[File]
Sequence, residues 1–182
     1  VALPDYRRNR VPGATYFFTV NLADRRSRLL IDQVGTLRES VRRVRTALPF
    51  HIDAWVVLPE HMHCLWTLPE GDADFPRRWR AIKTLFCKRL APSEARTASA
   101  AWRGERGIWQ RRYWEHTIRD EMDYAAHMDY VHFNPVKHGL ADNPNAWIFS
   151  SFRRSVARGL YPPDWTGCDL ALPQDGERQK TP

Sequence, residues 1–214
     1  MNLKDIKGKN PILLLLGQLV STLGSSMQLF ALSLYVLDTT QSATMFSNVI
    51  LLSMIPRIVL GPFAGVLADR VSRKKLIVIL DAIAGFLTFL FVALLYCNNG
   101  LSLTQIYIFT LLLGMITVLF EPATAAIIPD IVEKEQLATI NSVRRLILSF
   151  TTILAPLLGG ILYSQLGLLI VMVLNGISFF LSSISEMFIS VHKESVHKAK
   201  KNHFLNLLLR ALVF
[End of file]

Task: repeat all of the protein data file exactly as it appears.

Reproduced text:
Sequence, residues 1–182
     1  VALPDYRRNR VPGATYFFTV NLADRRSRLL IDQVGTLRES VRRVRTALPF
    51  HIDAWVVLPE HMHCLWTLPE GDADFPRRWR AIKTLFCKRL APSEARTASA
   101  AWRGERGIWQ RRYWEHTIRD EMDYAAHMDY VHFNPVKHGL ADNPNAWIFS
   151  SFRRSVARGL YPPDWTGCDL ALPQDGERQK TP

Sequence, residues 1–214
     1  MNLKDIKGKN PILLLLGQLV STLGSSMQLF ALSLYVLDTT QSATMFSNVI
    51  LLSMIPRIVL GPFAGVLADR VSRKKLIVIL DAIAGFLTFL FVALLYCNNG
   101  LSLTQIYIFT LLLGMITVLF EPATAAIIPD IVEKEQLATI NSVRRLILSF
   151  TTILAPLLGG ILYSQLGLLI VMVLNGISFF LSSISEMFIS VHKESVHKAK
   201  KNHFLNLLLR ALVF